Friday, June 01, 2018

F-35 woes (mostly ALIS inspired) are the ultimate condemnation of the "just in time" supply method...

Thanks to Bryan for the link!

via Defense News.
When maintainers enter in orders for components needed to repair the jet, the F-35’s Autonomic Logistics Information System — which walks users through maintenance and helps manage the supply chain — will sometimes project an expected arrival of “a couple years out,” said Sgt. Pedro, a maintenance controller from VMFAT-501. Defense News agreed not to publish last names of Marines associated with VMFAT-501 due to security concerns.

“That’s [just] a forecasting,” Pedro quickly added. “Then we make a call and find out where it’s actually at, and so we get the parts sooner than what the forecast date is.”

One of the features of ALIS allows it to see the number and types of parts available across the entire supply chain, which is shared by the U.S. services and international F-35 operators. The system can reprioritize parts, so sometimes maintainers can actually receive a part as quickly as three to five days even if a longer date is projected.

However, it’s not uncommon for certain parts to take around a month, Pedro said.

In some scenarios, maintainers will “cannibalize” other F-35s — harvesting parts from one unavailable jet to repair another. That practice isn’t uncommon across fighter fleets and has been used to service F-15s and F/A-18s, but Pedro said that cannibalizing aircraft is a last resort.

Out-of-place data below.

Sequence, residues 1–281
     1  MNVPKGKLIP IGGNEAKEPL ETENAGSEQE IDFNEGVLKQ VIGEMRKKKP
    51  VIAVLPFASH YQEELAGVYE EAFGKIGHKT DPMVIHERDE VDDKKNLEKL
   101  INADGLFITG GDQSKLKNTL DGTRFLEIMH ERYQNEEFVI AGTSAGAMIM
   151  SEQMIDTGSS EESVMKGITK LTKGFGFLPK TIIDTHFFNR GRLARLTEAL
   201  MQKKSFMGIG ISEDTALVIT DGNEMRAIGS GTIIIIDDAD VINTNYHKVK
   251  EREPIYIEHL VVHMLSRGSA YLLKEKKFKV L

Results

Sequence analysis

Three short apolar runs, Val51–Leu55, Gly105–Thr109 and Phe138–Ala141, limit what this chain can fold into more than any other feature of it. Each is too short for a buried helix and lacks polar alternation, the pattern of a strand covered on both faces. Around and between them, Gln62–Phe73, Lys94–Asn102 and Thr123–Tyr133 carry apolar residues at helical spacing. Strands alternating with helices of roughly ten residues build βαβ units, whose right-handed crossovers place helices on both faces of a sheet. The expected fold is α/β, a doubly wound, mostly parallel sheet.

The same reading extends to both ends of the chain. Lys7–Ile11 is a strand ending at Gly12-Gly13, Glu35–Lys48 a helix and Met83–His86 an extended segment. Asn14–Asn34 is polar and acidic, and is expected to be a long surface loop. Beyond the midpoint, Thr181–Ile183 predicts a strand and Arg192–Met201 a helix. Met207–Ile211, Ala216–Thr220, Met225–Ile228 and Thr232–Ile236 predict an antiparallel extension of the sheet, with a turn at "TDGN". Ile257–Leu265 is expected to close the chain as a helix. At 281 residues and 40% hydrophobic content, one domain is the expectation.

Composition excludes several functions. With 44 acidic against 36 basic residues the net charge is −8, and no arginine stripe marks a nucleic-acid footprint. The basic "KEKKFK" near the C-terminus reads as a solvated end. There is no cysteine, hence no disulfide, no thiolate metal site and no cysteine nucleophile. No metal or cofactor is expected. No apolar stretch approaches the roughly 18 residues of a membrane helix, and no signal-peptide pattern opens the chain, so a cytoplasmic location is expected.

“Before we start looking at cannibalizing that part, if it says a year out, we’ll monitor it,” he said. “Because the next report might say, ‘We have that part. It was going to be prioritized to that unit, but you need it more.’ So it will reprioritize that part.”
Story here. 

The part was going to one unit but you need it more????

What kind of batshit insanity is that!

Works awesome in peacetime (I guess!) but what if you have two units in combat?  Who gets what when????

This is the ultimate condemnation of the "just in time" supply method.  It's time to make Supply Sgt's great again!  Fill the warehouses, pull shit when you need it (automate it if you must so no one can build a Humvee at home and you can keep better track of stuff) but for God's sake don't make us prisoners of a jacked up bot that can't figure 1's and 0's!

The only other thing to really focus on is availability rates.  We talk all about the procurement trainwreck but aviation also has to deal with a maintenance trainwreck and no one seeks to have a plan to clear the tracks.

What good is it to buy a ton of new gear if you can't use it because its constantly broken?

That's a looming story but it won't be covered till someone dies strapped to an F-35.

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